It makes Ammon’s lineage all that more interesting. Why of all people was he sent? What interest did an assimilated Nephite have in a bunch of Nephites who left his country probably before he was ever born? I don’t know, but he did. And so he went. He’s one of the people from the Book of Mormon I think I’d like to talk to some day.

Tuesday, May 3, 2016

Alma 43-44 - Captain Moroni

Excluding the Savior, if the number of pages dedicated to a person is a sign, then after Alma the Younger, the most important figure in Mormon’s abridgment of the Nephite record is Captain Moroni. This observation is strengthened by the fact that of all the prophets available to him, Mormon chose this man’s name for his own son. Moroni. The angel which adorns the cover of this book was named after a famous Nephite general!

As you read later in the narrative, Mormon gushes in admiration for him. So, it’s with great interest we meet this 25-year old who’s given command of all the Nephite armies. Given the structure of the Nephite culture, Moroni is of aristocratic birth, yet he’s not your typical aristocrat.

Think for a minute just upon Moroni’s actions in this part of the book. Though he’s general of the Nephite armies, he’s humble enough to ask Alma for divine help in knowing where his enemies plan to attack. To see how extraordinary this is, imagine a general today asking President Monson, what our enemies are going to do next. Imagine a general who is merciful to an army that has shown no mercy. Yet that’s what he did.

At the same time, he has a temper and it gets the better part of him. I’ve always thought it was a nice touch to show some of his humanity. It’s on much clearer display later on.

Moroni has alway been my personal hero in the Book of Mormon. He exemplified the type of military man I aspired to be: courageous, yet humble before God. A brilliant strategist, yet also willing to learn from others. It’s my opinion that many of the innovations he uses he learned from the Jaredite record. We see that in this passage in how he armed and protected his soldiers. Moroni’s army didn’t consist of mobile light infantry, but armored heavy infantry.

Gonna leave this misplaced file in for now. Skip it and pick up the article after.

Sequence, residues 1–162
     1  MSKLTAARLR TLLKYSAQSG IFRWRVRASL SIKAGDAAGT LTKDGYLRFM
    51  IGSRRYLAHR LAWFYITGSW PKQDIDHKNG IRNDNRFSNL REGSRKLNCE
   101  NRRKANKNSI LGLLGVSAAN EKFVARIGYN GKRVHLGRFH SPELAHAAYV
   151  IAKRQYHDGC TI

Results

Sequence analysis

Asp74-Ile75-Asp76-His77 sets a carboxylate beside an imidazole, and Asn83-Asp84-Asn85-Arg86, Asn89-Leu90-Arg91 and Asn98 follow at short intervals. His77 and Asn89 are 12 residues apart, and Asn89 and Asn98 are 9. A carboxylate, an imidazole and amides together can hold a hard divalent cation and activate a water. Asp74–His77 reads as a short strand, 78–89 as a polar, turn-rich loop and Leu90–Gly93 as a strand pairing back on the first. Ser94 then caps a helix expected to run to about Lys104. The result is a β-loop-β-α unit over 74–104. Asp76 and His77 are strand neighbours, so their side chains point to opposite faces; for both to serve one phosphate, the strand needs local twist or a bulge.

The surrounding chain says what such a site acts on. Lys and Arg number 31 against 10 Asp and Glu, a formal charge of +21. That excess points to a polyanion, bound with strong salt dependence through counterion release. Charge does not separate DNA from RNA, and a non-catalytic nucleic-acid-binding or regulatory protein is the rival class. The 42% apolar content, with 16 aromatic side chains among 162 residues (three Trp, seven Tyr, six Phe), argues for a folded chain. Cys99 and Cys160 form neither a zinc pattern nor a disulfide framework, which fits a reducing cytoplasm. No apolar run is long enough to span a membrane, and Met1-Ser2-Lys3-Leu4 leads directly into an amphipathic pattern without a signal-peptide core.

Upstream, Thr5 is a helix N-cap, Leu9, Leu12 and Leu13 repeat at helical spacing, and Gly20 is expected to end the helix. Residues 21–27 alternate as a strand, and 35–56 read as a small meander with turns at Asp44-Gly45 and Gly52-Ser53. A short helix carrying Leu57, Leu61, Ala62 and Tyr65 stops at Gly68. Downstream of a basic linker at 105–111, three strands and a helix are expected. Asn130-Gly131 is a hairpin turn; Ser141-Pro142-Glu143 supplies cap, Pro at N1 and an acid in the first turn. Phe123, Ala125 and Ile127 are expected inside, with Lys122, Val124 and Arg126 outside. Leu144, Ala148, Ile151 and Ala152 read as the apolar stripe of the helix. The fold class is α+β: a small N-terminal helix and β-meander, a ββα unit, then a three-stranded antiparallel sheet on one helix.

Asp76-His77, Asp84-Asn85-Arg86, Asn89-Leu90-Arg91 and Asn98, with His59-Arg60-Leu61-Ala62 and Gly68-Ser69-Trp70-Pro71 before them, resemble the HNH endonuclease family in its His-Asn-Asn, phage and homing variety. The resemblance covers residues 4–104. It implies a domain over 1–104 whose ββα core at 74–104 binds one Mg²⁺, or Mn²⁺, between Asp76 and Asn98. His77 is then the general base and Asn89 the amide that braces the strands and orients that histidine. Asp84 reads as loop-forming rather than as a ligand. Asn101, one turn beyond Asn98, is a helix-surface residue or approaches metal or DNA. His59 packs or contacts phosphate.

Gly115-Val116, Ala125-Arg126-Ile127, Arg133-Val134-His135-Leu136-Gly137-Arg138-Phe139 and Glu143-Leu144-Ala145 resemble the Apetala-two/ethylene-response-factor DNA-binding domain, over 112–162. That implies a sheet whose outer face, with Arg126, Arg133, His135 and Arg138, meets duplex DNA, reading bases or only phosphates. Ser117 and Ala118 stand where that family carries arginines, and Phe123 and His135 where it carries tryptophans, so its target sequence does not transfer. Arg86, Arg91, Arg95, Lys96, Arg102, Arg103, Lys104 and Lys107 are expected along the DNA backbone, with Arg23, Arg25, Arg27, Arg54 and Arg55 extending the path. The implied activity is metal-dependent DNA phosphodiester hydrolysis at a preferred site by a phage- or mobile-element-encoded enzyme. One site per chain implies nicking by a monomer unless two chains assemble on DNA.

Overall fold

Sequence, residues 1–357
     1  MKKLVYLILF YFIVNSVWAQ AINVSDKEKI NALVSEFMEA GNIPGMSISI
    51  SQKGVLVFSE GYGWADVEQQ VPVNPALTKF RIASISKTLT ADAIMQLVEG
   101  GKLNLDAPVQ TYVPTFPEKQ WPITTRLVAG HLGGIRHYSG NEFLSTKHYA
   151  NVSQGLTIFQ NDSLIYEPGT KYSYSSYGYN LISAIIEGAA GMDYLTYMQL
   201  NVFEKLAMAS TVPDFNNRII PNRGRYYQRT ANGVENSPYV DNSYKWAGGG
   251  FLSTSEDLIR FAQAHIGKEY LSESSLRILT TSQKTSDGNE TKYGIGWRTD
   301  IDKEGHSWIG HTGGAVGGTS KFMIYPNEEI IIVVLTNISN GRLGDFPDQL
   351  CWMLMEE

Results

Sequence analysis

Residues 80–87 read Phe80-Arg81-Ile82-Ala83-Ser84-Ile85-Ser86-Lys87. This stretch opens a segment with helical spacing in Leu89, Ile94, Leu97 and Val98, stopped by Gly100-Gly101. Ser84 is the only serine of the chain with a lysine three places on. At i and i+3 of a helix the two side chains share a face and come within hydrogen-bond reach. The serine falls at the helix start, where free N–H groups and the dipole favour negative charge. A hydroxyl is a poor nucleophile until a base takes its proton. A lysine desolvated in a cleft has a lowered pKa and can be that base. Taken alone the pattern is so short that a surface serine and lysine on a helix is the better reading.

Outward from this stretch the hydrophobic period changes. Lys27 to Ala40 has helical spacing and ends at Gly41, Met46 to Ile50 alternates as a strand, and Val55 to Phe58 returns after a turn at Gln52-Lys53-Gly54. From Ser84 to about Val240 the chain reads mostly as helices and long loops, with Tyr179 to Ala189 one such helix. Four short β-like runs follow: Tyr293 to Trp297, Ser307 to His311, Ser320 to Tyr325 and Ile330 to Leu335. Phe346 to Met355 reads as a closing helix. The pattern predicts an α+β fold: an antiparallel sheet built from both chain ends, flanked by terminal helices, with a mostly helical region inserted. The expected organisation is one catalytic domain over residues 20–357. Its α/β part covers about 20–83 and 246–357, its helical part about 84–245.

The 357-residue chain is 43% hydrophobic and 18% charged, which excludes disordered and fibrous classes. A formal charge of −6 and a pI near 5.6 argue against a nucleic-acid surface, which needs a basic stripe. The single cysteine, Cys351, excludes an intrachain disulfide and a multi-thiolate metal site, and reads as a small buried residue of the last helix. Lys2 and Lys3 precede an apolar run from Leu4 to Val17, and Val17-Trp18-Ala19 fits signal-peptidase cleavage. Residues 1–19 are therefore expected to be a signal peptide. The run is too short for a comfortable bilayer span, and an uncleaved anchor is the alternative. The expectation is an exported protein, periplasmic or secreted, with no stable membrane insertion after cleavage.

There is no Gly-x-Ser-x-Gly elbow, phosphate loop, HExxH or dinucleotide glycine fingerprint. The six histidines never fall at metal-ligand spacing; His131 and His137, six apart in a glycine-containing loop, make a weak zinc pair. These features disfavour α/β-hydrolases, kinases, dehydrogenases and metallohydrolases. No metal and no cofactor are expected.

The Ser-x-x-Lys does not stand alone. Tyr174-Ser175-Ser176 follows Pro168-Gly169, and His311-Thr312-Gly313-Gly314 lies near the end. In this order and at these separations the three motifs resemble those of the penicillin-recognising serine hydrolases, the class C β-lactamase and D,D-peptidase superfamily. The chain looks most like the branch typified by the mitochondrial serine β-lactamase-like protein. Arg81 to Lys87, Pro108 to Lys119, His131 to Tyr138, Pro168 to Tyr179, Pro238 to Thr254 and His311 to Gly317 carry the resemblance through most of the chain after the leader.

And he uses them to great effect. Sun Tzu would have admired how he maneuvers Zerahemna into  fighting him while crossing a river. You can’t exactly move fast and avoid things being thrown at you while you’re knee deep in water. Because of these actions, choices, and fervent prayers for help, Moroni’s smaller army defeats the larger Lamanite one.

Mormon makes an observation of about war which to me shows this is not some fanciful portrayal of a conflict. Instead Mormon labels war what it is: the work of death. We read about the see-saw of battle as first the Nephites then the Lamanites have the advantage. We read of the prayers and the courageous stand and the ultimate victory by the Nephites. Then there's Moroni’s graciousness in sparing the lives of the Lamanites. We also read the onerous task of dealing with the dead. While it was a great victory for the Nephites, we also see its cost.

It’s something to think about.

Monday, May 2, 2016

Alma 39-42 - A Letter to Corianton

We are the beneficiaries of Alma’s great love for his son Corianton. While the doctrines he teaches his son are important for us to know. How he treats his son, is of no lesser value. By today’s standards, if Corianton had been a missionary for the church, he would’ve been sent home for what he did. Who of us have had children who’ve done things that have broken our hearts? I think it’s for these people that we have this letter Corianton.